6.3 The rise of -isms -T-

AGE 8. The Time of Citizens and Steam Engines
6.3 The rise of the -isms

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Slide 1: Tekstslide
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AGE 8. The Time of Citizens and Steam Engines
6.3 The rise of the -isms


Slide 1 - Tekstslide

What is this lesson about?
During the age of citizens and steam engines the political climate in Europe changed. After 1848, citizens had more influence in politics. Political ideologies were shaped and people united in parties. Socialists were committed to improving the situation of workers, whereas liberals strived for freedom and a small government. Confessionalists wanted to govern the country according to the rules in the bible, and feminists fought for equal rights for women.

Slide 2 - Tekstslide

What you learn (to do)

  1. Why did the Netherlands become a monarchy again in 1815?
  2. Why did a new revolution start in 1848 and what did the revolutionaries demand?
  3. What were the consequences of this revolution for the Netherlands?
  4. What is the difference between political views such as socialism, liberalism, confessionalism and feminism?

Slide 3 - Tekstslide

people in this lesson
Aletta Jacobs
king Willem II
king Willem I
Johan Rudolph Thorbecke
Abraham Kuyper

Slide 4 - Tekstslide

Word Duty


Constitutional reform: an adjustment to the constitution
Conservative: someone who thinks that tradition is important; change is opposed
Progressive: someone who thinks change is important in a society
Liberalism: political philosophy in which freedom of the individual is most important
Government: the executive branch of power: the prime ministers and ministers (= cabinet).
Parliament: the legislative branch of power: the elected peoples' representatives, seated in the Eerste and Tweede Kamer der Staten Generaal.
Confessionalism: political philosophy in which laws in a country should be based on religion
Political party: a group of people with the same political ideas that work together to win elections and govern a country
Feminism: a political philosophy based on equal rights for women
Passive vote right: the right to be elected and to participate in government
Active vote right: the right to vote during political elections

Slide 5 - Tekstslide

Important dates in this lesson:

1815: Peace Conference of Vienna

1830: Belgium declares itself independent from the Netherlands

1848: Revolution Year

Slide 6 - Tekstslide


After Napoleon’s defeat in 1815, the winners met at the Conference of Vienna. They decided to restore the old order and map of Europe. Enlightened reforms of the French revolution were reversed and kings were put back on their thrones. One of the plans was to form a strong buffer state between England and France. A member of the Nassau family was asked to rule this area that encompasses modern-day Netherlands, Belgium and Luxembourg.

  1. write down the title of this Lesson
  2. write down the heading of this text (and keep doing that with all the texts after this.)
  3. Which two plans did the victors of Napoleon have for Europe?
  4. What was their plan for the Netherlands?

Battle of Waterloo, 1815. The French army of Napoleon was eventually defeated by the British army under the command of the duke of Wellington. The British were helped by their Dutch and German allies.

Slide 7 - Tekstslide

The kingdom of Holland

Willem Frederik, prince of Orange and son of former stadtholder Willem V, was an ambitious man. He supported the idea and could not wait to rule this newly formed Kingdom of the Netherlands. When Napoleon was defeated at Waterloo he promptly crowned himself king Willem I. His son, the later king Willem II, even fought at the battle of Waterloo.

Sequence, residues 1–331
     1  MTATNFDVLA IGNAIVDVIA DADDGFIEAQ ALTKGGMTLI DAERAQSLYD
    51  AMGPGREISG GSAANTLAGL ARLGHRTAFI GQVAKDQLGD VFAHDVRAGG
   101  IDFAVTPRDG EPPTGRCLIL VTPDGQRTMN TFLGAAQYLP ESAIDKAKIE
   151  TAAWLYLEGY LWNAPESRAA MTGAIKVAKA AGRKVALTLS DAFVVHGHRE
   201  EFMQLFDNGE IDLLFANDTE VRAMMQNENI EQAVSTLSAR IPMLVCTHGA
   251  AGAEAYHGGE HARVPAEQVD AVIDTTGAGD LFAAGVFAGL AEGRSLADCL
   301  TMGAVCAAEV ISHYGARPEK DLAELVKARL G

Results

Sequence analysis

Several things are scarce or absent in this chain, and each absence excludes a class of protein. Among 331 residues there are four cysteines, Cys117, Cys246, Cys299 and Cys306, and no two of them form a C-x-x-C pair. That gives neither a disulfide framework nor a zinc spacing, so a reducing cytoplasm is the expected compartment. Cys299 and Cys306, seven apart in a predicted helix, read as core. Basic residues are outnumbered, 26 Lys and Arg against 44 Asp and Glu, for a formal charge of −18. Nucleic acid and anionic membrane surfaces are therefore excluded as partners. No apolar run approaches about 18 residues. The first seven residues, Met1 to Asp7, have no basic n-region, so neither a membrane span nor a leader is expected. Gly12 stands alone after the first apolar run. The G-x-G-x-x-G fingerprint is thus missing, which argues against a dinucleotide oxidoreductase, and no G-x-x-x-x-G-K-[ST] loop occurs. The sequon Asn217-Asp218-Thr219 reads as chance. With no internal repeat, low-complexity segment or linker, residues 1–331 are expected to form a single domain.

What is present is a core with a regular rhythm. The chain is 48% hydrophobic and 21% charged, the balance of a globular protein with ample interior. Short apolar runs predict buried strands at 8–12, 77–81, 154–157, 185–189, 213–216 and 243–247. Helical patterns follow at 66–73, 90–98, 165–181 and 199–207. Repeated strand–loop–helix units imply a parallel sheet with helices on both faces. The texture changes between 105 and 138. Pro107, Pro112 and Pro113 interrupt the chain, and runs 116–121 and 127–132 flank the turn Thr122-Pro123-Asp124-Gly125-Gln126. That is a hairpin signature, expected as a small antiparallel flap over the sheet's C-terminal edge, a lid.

But the differences in the kingdom were huge. It soon became clear that the southern provinces did not feel connected to the north. In the south they spoke French, they were Catholic and were leaders in industrial production. The north was focused on trade. The south also did not like the fact that there were more representatives of the north in the government.
In 1830, it came to a revolt after visitors saw the play called: La Muette de Portici. King Willem I waged a short war: but although he resisted stubbornly, he could not stop Belgium from becoming independent.

  1. Who became king of the Netherlands in 1815?
  2. Write down 3 differences between the northern and southern provinces. (You can make a simple schematic)
  3. What happened in 1830?

The kingdom of the Netherlands, 1815 - 1830. The green section is Belgium that declared itself independent in 1830.

Slide 8 - Tekstslide

The revolution of 1848
King Willem I never overcame Belgian independence. He abdicated in 1840 and his son succeeded him.
King Willem II also had to deal with problems during his reign. In 1848, angry mobs filled the streets of European cities. Everywhere the rioters demanded constitutional reform in which their rights were defended and which decreased the king’s power. In France they succeeded and the country became a republic for the second time. The ghost of revolution moved to haunt Italy, Germany and other European countries. It was only a matter of time until the revolutionary fire would spread to the Netherlands.
Willem II had always been a conservative. This means that he opposed change and that he wanted to keep everything as it was. He had stated that he would rather face the gallows than to give up his power. But when he faced a wave of criticism in 1848, he had to make a serious decision: would he risk revolution or give up almost all of his power?

  1. What happened in 1848?
  2. What did the revolutionaries demand?
  3. How did king Willem II feel about this new revolution? Why was he opposed to any change?
  4. What dilemma did he face?

Paris workers defend a barricade in Rue Soufflot, June 1848, painted by Horace Vernet
Iconic picture of the 1848 revolution in Berlin. Unknown painter

Slide 9 - Tekstslide

A constitutional reform

Willem II gave in to his fears and it is said that he changed from a conservative to a liberal in just one night. But in 1848, many people in the Netherlands supported a more progressive view of politics and they demanded change.